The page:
By now you’ve sure heard about the Agile software development methodology, or even used this methodology in your work, so you know how intricate things can be. In order to shed some light onto this matter, I’ve gathered below the most important notions that a programmer / tester needs to know about Agile development.
So let’s begin!
…at first there was the manifesto! Agile software development is a set of software development methods that are derived from the Agile manifesto, a set of principles focused on a lightweight software development. The manifesto reads:
“We are uncovering better ways of developing software by doing it and helping others do it. Through this work we have come to value:
Individuals and interactions over processes and tools
Working software over comprehensive documentation
Customer collaboration over contract negotiation
Responding to change over following a plan
That is, while there is value in the items on the right, we value the items on the left more.”
The Agile manifesto was first published following a software developers’ meeting, in February 2001. Some of the authors of the manifesto formed the Agile Alliance, a non-profit organization that promotes Agile development principles.
But how does Agile development work? Agile development avoids long term planning by breaking tasks into small increments. Each iteration has its own software development cycle: planning, requirements analysis, design, coding, unit testing and acceptance testing, after which a full working piece of software is shown to the investors. This allows the teams to easily adapt to changes, this being one of the principles of Agile (Responding to change over following a plan).
On one hand, Agile development advocates practices such as: Test Driven Development (TDD) and Behavior Driven Development (BDD), where tests and scenarios are written before the actual code, and are used to create a suite of automated tests that verify if the written code meets the standards imposed for that application.
On the other hand, Agile testing involves all members of the agile team, but it’s the testers’ job to provide specific expertise and ensure that the quality and business value requested by the customer is successfully delivered at frequent intervals. Testers from an Agile team create examples of desired behavior and collaborate with developers to turn them into automated test suites that guide coding.
As opposed to Agile, older methodologies, such as Waterfall, rely on a precise order of phases throughout the whole development process (Requirements, Design, Implementation, Verification, Maintenance) and heavily focus on initial planning. The idea behind this is that the time spent early in the development process (Planning) will result in saving time in later stages.
To advocate the Waterfall methodology, many argue that an issue found early is cheaper than one found in later stages. For example a design flaw can be easily fixed during the Design phase rather than months later, when changes to design are much harder to implement (and riskier for the stability of the application).
Agile fights back! Agile enthusiasts argue that the Waterfall model is not good in practice, as it is nearly impossible to finish a phase of development flawlessly. For sure issues will arise, such as: customers may change their initial design, developers might not be aware of future difficulties when creating a design for an new software product etc.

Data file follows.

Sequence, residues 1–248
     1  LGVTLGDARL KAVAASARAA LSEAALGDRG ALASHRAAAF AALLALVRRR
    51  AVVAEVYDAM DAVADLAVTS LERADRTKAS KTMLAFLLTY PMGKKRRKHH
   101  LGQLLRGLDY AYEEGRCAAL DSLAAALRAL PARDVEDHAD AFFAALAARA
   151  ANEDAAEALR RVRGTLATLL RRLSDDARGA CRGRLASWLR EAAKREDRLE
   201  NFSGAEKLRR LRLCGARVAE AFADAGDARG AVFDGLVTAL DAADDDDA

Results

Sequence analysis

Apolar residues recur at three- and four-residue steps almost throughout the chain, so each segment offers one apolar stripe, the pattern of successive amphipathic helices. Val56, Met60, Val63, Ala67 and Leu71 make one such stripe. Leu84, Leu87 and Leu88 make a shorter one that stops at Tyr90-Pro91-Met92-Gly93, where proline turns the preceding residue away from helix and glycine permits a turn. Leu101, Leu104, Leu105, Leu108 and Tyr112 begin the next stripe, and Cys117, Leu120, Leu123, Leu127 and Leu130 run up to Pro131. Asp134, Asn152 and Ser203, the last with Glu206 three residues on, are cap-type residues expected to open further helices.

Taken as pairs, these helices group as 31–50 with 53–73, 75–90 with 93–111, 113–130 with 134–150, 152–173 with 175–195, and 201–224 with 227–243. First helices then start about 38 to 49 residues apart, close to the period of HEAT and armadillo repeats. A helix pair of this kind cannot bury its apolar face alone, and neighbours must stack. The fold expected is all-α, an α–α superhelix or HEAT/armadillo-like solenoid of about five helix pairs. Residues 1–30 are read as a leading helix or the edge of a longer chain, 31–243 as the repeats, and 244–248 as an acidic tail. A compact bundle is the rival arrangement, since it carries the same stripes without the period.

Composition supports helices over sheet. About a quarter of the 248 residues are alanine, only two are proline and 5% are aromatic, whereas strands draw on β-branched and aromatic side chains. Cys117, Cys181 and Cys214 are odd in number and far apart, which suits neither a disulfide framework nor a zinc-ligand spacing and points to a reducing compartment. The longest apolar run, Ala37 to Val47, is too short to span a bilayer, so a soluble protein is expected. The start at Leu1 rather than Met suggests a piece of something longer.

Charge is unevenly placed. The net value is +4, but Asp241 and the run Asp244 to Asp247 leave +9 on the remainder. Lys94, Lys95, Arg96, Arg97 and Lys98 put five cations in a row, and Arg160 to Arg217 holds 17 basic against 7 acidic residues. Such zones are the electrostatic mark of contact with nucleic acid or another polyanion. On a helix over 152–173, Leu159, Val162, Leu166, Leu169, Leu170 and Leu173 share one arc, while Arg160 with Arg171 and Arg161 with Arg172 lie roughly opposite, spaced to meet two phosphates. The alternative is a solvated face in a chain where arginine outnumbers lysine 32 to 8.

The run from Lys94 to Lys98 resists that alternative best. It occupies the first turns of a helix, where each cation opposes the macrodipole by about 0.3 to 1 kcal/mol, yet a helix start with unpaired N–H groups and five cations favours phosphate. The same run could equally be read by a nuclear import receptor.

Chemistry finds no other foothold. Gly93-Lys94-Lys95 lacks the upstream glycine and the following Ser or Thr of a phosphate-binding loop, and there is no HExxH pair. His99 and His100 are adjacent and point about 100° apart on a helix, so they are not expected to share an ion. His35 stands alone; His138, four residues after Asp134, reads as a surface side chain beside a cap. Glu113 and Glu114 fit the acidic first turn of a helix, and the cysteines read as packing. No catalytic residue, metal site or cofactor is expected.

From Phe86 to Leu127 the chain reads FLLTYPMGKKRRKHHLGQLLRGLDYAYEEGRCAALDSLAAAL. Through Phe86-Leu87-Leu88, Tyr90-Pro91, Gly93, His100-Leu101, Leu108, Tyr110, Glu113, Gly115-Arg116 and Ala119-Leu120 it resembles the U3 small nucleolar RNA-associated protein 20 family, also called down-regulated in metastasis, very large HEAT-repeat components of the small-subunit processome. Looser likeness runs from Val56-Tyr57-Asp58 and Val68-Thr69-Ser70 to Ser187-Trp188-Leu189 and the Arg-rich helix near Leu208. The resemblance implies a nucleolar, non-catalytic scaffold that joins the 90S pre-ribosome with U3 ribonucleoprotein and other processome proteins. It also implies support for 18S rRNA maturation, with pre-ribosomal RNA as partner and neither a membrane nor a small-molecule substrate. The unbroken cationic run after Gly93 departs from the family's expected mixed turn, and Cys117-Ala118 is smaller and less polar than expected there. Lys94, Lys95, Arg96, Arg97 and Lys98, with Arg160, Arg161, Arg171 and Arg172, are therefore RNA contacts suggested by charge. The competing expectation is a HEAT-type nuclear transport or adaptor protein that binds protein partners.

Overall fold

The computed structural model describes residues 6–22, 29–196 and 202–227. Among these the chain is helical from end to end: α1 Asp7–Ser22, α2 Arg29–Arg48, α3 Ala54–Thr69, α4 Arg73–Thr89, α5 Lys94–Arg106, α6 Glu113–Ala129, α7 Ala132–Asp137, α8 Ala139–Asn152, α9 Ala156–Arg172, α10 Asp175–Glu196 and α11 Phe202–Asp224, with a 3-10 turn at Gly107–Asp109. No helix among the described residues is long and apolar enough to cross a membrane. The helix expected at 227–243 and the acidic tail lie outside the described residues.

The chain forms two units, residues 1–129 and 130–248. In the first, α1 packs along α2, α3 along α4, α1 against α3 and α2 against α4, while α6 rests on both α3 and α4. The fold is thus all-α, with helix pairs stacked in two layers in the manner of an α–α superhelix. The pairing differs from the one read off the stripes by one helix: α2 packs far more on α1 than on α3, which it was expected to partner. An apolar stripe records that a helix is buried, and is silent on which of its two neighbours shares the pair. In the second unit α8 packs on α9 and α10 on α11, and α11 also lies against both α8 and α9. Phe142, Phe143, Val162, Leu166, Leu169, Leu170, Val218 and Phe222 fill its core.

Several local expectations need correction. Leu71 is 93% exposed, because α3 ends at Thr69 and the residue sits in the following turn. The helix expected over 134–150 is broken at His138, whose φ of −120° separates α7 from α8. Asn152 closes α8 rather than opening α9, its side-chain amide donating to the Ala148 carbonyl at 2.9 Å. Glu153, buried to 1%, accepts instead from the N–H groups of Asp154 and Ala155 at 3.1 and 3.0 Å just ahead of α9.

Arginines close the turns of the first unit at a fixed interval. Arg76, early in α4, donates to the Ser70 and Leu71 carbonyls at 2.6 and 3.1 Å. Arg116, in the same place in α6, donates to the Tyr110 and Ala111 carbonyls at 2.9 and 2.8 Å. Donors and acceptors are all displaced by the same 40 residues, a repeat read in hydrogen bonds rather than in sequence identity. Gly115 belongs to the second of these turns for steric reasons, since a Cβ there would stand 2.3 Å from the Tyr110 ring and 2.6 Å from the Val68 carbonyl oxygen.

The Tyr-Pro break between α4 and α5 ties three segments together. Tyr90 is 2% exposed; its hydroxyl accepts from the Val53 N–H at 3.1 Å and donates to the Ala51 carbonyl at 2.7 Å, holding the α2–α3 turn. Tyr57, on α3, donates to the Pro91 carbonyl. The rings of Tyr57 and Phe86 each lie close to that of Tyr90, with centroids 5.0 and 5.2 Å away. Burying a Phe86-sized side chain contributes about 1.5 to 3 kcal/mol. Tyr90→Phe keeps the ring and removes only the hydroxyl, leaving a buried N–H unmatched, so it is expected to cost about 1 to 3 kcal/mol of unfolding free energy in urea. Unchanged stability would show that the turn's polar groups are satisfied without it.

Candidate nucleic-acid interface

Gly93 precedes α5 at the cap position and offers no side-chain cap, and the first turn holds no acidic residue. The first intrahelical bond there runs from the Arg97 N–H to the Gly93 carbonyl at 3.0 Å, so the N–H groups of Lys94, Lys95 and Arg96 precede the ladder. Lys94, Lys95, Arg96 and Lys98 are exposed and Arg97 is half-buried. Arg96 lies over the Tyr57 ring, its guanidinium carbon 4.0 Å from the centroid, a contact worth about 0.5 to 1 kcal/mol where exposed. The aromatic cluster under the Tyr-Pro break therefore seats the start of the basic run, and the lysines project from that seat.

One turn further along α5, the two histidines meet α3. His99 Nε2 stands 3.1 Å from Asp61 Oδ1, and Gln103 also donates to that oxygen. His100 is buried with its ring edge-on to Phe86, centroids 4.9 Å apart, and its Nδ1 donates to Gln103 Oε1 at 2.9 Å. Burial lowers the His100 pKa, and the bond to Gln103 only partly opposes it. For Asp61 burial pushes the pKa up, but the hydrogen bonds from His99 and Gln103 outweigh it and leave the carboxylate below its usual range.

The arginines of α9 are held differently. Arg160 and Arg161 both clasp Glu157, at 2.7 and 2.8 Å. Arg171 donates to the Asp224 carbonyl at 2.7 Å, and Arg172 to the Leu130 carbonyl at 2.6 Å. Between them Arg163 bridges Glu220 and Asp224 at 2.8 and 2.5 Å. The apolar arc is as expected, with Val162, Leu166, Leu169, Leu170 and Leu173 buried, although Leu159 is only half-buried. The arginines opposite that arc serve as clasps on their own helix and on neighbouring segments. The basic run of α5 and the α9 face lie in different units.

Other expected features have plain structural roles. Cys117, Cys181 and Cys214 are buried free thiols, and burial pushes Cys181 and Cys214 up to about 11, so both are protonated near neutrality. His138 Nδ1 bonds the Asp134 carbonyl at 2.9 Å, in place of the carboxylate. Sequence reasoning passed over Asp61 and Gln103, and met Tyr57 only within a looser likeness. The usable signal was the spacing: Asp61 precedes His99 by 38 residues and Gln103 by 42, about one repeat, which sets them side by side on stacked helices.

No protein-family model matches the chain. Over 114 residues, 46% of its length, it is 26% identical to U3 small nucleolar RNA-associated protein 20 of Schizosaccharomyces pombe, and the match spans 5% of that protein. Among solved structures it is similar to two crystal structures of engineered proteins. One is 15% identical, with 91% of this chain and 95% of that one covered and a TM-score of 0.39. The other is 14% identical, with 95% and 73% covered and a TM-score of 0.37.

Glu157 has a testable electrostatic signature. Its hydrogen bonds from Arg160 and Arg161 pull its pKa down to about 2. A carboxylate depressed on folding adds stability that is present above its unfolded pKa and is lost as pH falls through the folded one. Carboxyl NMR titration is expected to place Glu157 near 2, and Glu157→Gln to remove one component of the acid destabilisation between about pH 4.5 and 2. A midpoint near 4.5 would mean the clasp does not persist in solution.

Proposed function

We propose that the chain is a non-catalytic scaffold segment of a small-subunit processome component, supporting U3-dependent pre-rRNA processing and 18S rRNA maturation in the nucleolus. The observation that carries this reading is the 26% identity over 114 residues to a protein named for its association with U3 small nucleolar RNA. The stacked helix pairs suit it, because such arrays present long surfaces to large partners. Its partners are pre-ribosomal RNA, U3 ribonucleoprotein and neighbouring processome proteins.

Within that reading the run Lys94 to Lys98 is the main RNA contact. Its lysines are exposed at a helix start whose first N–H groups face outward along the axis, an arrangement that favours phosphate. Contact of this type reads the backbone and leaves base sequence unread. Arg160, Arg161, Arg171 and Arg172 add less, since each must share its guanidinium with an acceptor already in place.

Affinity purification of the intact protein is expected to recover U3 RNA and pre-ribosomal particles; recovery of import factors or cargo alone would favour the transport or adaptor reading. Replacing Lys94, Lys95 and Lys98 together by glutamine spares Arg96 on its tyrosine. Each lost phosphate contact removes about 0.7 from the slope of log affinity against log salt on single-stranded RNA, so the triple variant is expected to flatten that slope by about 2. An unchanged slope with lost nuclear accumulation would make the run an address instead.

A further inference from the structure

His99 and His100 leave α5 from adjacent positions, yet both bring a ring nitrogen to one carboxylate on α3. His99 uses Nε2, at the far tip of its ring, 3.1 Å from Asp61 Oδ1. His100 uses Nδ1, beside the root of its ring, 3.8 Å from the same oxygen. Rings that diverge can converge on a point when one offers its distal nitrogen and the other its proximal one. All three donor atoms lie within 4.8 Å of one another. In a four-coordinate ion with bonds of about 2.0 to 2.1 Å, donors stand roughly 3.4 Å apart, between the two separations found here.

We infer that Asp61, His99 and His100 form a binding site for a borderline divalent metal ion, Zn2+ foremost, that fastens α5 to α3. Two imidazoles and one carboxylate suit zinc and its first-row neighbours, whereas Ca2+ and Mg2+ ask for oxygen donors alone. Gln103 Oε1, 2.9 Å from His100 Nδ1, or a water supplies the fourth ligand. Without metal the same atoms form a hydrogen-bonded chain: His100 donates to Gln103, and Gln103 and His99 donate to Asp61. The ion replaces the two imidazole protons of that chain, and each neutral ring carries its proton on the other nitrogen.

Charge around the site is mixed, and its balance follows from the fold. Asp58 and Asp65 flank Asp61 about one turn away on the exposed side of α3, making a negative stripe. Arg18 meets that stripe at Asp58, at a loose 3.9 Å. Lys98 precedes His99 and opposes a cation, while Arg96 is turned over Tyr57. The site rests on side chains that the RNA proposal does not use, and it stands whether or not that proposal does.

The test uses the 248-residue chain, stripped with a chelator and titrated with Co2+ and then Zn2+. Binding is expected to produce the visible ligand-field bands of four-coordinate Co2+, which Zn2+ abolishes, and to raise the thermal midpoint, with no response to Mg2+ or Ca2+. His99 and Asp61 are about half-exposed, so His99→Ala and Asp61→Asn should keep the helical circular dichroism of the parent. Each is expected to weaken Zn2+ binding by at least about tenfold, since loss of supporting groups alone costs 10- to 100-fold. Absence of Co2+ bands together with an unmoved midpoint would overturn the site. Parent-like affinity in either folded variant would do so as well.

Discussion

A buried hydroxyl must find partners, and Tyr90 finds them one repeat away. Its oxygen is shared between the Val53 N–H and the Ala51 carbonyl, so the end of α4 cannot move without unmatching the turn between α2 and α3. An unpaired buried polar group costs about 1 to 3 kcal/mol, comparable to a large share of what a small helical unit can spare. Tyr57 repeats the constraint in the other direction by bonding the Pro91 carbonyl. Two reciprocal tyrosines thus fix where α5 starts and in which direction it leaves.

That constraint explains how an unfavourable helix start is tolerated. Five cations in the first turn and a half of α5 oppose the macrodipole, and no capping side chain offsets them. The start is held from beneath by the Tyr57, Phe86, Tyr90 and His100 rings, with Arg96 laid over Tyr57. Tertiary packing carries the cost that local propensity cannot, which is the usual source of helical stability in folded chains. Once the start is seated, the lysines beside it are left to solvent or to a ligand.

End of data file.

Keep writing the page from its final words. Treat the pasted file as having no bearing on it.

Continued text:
According to the Waterfall model, testing is another strict phase (as opposed to being distributed throughout the development process), and this comes with its own problems. For example, important issues may be found too late, due to the fact that testing is performed strictly after the implementation is complete. Or some other times, due to time pressure (since testing is the last phase before releasing the product), adequate testing cannot be performed on the entire application, and is limited only to the most important parts of the software.
In the Agile methodology, testing is a very important part of the development process – not only it finds existing issues in the code, but more importantly it leads to shaping the product in advance, and to avoiding issues instead of having to fix them later.
The advantages of Agile testing are obvious: less time is spent on fixing issues, thus fewer problems in later stages. This way, it’s easier to ensure that each part of the application meets the required quality and functional standards.
Although Agile, in theory, is highly praised, still it’s not used in its entirety, due to a few drawbacks. The most important one is that the Agile process is not based on a clear structure, and moving from a strict development model (Waterfall) to something that has no clear guidelines (Agile is mostly a set of principles, rather than a clear development model) is not so easy. However, thanks to the fact that Agile is flexible, nowadays there are many development companies that rely on Agile-based (hybrid) software development models.
The most popular Agile process is SCRUM, an Agile framework that structures software development into cycles called “sprints”. Sprints usually last between two and four weeks, during which developers work with a prioritized list of customer requirements, named “user stories”. By following a prioritized list, the most valuable features are implemented first.
It’s clear that software development models are evolving and will continue to be enhanced, but Agile is here to stay! It has brought a new way of thinking, and also it makes room for improvement and adaptation, in response to market demands and the way each company runs its business.